A Dire Situation
Not only is Iran not in the “leading economic position” in the region, but it is among the two or three countries in the world experiencing the worst rates of recession and inflation at the same time. Iran’s national currency has now the lowest value in the world. The inflation record has been broken several times over in a decade. Iranians’ purchasing power has decreased significantly compared to that of the people of other countries, as well as their own in the past.
Meanwhile, the fall in the real-terms value of workers’ wages is unprecedented even compared to the immediate post-Islamic Revolution period and the Iran-Iraq war. Government employees’ standards of living are not very good either. News of retirees protesting against living conditions is published periodically in official news agencies. They are on the minimum pension permitted by the state.
The employment crisis in Iran is also becoming more serious day by day. In Khamenei’s 20-Year Vision Iran was to achieve “full employment” by the early 1400s. But Iran has not even come close to this, and in fact the situation has worsened. Property prices have simultaneously risen to such an extent that the average waiting period for buying a home is now more than a century, whereas 20 years ago, taking into account average savings and house prices, the waiting period was about 12 years.
In Iran in 1400, not only is buying a house impossible, but it has become impossible for the middle classes to so much as rent a house in mid-town or even low-income neighborhoods. This situation has led to an escalation of marginalization in Iran and has had dire social consequences.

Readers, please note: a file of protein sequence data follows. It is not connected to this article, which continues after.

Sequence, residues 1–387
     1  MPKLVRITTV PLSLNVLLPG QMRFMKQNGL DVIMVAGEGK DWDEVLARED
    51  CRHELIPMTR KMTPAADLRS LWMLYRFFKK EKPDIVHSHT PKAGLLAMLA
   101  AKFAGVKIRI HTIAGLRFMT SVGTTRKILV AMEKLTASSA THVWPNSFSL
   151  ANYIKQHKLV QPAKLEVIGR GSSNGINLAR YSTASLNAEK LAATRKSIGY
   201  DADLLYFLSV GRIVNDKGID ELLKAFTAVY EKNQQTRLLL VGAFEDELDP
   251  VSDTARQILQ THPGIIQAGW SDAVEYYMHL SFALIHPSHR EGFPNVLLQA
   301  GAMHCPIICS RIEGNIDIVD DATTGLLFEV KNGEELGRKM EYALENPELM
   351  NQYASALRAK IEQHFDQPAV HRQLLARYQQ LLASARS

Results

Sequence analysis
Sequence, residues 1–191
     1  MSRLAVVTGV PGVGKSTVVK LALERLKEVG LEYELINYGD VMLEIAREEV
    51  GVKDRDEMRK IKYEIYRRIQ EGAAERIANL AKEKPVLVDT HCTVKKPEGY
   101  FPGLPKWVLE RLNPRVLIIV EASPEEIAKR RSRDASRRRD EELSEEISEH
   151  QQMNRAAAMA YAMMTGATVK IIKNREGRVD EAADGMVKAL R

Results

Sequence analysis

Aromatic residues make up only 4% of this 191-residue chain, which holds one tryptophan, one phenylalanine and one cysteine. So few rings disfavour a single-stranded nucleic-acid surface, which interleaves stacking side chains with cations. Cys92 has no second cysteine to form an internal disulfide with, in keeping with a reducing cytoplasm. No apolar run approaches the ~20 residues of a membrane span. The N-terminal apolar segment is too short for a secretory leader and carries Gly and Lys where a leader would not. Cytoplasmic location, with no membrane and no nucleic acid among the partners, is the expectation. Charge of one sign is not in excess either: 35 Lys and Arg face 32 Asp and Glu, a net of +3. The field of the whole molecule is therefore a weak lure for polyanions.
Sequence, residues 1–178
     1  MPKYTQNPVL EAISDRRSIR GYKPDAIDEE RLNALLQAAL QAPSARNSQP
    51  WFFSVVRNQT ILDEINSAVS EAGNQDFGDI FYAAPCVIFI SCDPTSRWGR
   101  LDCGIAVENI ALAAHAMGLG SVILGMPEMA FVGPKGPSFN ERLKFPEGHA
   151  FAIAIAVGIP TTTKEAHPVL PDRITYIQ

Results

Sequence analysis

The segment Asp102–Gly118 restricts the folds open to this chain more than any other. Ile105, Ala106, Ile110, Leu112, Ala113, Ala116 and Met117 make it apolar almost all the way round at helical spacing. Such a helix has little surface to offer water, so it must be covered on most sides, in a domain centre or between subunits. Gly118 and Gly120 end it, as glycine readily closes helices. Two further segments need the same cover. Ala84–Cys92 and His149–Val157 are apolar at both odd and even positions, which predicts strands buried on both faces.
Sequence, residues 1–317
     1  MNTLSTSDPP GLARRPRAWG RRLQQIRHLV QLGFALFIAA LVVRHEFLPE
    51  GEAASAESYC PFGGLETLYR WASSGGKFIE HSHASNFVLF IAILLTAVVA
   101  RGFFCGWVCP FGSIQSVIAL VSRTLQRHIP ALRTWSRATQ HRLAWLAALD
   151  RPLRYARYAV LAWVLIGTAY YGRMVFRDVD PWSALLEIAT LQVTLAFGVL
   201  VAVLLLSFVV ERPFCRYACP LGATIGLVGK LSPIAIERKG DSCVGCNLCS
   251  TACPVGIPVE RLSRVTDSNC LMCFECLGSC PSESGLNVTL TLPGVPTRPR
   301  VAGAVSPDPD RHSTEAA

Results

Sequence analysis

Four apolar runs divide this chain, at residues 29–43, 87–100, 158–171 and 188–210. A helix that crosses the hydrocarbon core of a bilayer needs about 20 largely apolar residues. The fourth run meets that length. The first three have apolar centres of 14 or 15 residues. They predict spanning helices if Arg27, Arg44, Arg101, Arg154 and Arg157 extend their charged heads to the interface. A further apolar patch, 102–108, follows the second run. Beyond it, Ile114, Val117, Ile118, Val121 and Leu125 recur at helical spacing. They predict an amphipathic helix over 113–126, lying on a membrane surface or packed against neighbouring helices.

The Lack of Freedom
In the imagination of the Supreme Leader of the Islamic Republic, Iranians were supposed to enjoy “social justice, legitimate freedoms, the preservation of human dignity and rights, and social and judicial security”, which they do not. Instead, the judicial and security apparatus strives to crack down on legitimate personal and social freedoms, while there is no security in society whatsoever. The rate of all kinds of recorded social harms is extremely high: official statistics show an increase in violence while murder, suicide, suspected deaths, theft and addiction are also on the rise.
The health and wellbeing situation, at least, should have been sustainable by now. But Iran in 1400 is severely afflicted by the coronavirus pandemic, having rapidly become one of the countries with the highest rates of infection and mortality in the world after its first cases were detected – but not reported – in January 2020. The state continues to pump out conspiracy theories about Covid-19 while a serious attempt at vaccinating the population has yet to get under way.
The distance between reality and what was outlined in the 20-year Vision is immeasurable. In the five years that remain, it will be impossible to traverse this distance between two opposite worlds: one on the ground, the other an illusion. The reality of Iran in 1400 is a society trapped in the black hole of the Islamic Republic and the delusions of its leaders.